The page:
in Tabriz and in Maragheh

in Tabriz and in Maragheh

[ May,1999 ] On the day we met Shahsavan people in Iran, we went and stayed in Tabriz, a city not far from the Turkish border.

Iran-Tabriz-Blue Mosque-pillar-tiles
the pillar in Blue Mosque

This is another famous place for carpet making and I preferred visiting their bazaar, but because I had headache in the morning, I did not make special requests and followed the original plan to visit Azerbaijan Museum and Blue Mosque.

This area is called East Azerbaijan province and most of the people living here are Azeris.

They speak Azeri language which is nearer to Turkish rather than Persian Farsi apparently.

So Azerbaijan Museum had artifacts excavated from around here in Iran.

As my interest was limited to carpets, I did not get much excited here and moved on to the Blue Mosque.

Although it was called ‘blue’, it was rather earthy colour at a glance.

When I looked at the tiles closely, which were partly left on the wall, I could see that they used to be blue.

This mosque was built in the middle of the 15th century and the reason why it had lost the blue colour was that it was damaged badly by the earthquake in 1779.

After the Blue Mosque, we left Tabriz and moved on to our next destination, Maragheh which is about 130 km south of Tabriz.

Both Khalil, our guide and Ali, our driver said “There is nothing in Maragheh. It is a boring town”.

Anyway, that was our itinerary and after arriving in the town, we had lunch at a hotel restaurant.

Again it was a kind of Kebabs, but some vegetables were wrapped by lamb and nicely grilled, so it was the best meal so far in this holiday.

Iran-Maragheh-garden-gardener
the gardener (right)

The serious and quiet waiter told the recipe to Khalil.

At this restaurant, a group of people who came in after us were served first and I was not happy about that, but that was because they were the member of the assembly of this province.

After meal, we talked with them a little.

Khalil was making an appeal to them to make better road signs.

One of them tole me that he had been to Shibuya in Tokyo.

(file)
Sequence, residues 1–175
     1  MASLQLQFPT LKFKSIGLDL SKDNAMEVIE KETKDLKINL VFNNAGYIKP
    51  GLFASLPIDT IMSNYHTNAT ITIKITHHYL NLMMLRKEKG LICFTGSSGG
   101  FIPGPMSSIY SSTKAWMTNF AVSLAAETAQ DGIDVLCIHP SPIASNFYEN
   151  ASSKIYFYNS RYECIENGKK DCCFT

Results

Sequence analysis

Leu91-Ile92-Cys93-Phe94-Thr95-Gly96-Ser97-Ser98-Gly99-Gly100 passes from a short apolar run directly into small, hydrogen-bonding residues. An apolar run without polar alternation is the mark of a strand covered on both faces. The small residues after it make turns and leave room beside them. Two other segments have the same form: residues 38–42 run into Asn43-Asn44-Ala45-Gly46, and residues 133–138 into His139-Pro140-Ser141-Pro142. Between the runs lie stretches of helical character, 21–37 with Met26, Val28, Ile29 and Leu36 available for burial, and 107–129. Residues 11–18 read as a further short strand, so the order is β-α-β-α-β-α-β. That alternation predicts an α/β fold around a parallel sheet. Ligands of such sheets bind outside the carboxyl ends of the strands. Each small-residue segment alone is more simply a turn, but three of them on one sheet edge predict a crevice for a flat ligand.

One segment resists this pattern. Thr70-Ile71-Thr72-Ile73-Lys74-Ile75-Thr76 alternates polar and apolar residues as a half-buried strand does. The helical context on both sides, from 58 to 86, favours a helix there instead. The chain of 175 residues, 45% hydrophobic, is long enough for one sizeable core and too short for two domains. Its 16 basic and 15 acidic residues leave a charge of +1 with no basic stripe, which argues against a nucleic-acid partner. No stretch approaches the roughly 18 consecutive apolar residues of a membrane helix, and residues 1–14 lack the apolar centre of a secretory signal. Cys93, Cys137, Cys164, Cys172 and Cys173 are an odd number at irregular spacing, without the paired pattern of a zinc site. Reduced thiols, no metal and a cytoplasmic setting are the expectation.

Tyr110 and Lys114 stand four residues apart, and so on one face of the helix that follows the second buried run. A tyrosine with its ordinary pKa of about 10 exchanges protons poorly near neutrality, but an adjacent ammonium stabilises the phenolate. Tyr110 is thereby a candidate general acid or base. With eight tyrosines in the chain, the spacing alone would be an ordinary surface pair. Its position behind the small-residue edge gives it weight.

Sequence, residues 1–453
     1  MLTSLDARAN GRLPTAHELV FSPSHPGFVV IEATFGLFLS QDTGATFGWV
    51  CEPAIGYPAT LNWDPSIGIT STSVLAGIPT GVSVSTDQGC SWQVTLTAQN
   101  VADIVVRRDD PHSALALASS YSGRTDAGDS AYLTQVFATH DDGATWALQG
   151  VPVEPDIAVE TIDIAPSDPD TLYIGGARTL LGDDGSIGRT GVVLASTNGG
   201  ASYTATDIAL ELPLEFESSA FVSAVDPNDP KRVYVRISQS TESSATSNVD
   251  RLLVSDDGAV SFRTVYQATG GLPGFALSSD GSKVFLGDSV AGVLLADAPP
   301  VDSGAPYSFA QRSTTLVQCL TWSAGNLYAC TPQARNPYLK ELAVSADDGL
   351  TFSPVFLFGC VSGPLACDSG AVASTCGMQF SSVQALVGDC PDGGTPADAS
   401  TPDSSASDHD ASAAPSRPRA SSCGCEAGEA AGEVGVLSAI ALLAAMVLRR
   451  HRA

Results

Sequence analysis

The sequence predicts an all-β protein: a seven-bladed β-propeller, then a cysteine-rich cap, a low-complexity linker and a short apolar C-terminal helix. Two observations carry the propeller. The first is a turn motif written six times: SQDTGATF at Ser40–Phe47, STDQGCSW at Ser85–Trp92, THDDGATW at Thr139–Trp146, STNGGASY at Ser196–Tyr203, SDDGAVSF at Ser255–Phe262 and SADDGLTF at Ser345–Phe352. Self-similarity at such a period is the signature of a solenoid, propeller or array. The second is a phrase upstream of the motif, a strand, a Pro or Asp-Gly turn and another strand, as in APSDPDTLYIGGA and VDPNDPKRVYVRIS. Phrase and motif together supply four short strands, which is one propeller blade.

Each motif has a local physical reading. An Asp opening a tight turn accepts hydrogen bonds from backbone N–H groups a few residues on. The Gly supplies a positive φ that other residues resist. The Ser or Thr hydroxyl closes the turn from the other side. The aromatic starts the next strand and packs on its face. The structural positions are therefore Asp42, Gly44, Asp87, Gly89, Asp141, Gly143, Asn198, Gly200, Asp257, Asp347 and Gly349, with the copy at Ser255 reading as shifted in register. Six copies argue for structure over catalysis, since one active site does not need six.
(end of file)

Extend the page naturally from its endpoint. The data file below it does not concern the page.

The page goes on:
In the afternoon, we went around a few places to see in the town with a young man with blue eyes.

Because Khalil was not familiar with this town and the language was different, we needed another guide.

As Khalil and Ali had said, there were not very memorable attractions here.

Iran-Maragheh-young men
young football fans in Maragheh

At one point, a gardener gave a rose to my travelling companion.

It was not clear, if he wanted to give it to me through him as in Iran it was difficult for a man to contact directly to a woman, or my companion was particularly liked by the gardener.

Around that area, a group of students surrounded us.

The young people in Iran like football, too and they tried hard to make us understood in their English that Manchester United won a match a few days before and once they knew that I was Japanese, they repeated the name, “Nakata”.

Unfortunately I was not interested in football, so our conversation did not develop from there, but this kind of little communication was more memorable than ruins.

Iran-Maragheh-Friday Mosque-inside-carpets-windows
lovely carpets in the Friday Mosque in Maragheh

After that we went to the Friday Mosque in this town, which was quite impressive with the lovely carpets covering the huge floor.

I would have loved one to take back home.

There was an old man sitting by the mosque and started talking to us in Russian.

Apparently he had studied in Saint Petersburg when it was Leningrad.

Again, I felt sorry that the conversation did not go further because I could not speak Russian enough.

After leaving Maragheh, we went further down to the south.

Iran-Maragheh-highland-sheep-people
lovely highland view just outside of Maragheh

The landscape was dry with some greens, sometimes more and sometimes less.

It was not as magnificent as the day before, but still the view of the highland was lovely.

It seemed that we got into the Kurdish area and the people’s clothes had changed.

Men were wearing scarf wrapping around their heads like turbans and women were wearing Salwar.

The shepherds were black because of the sun and the dust.

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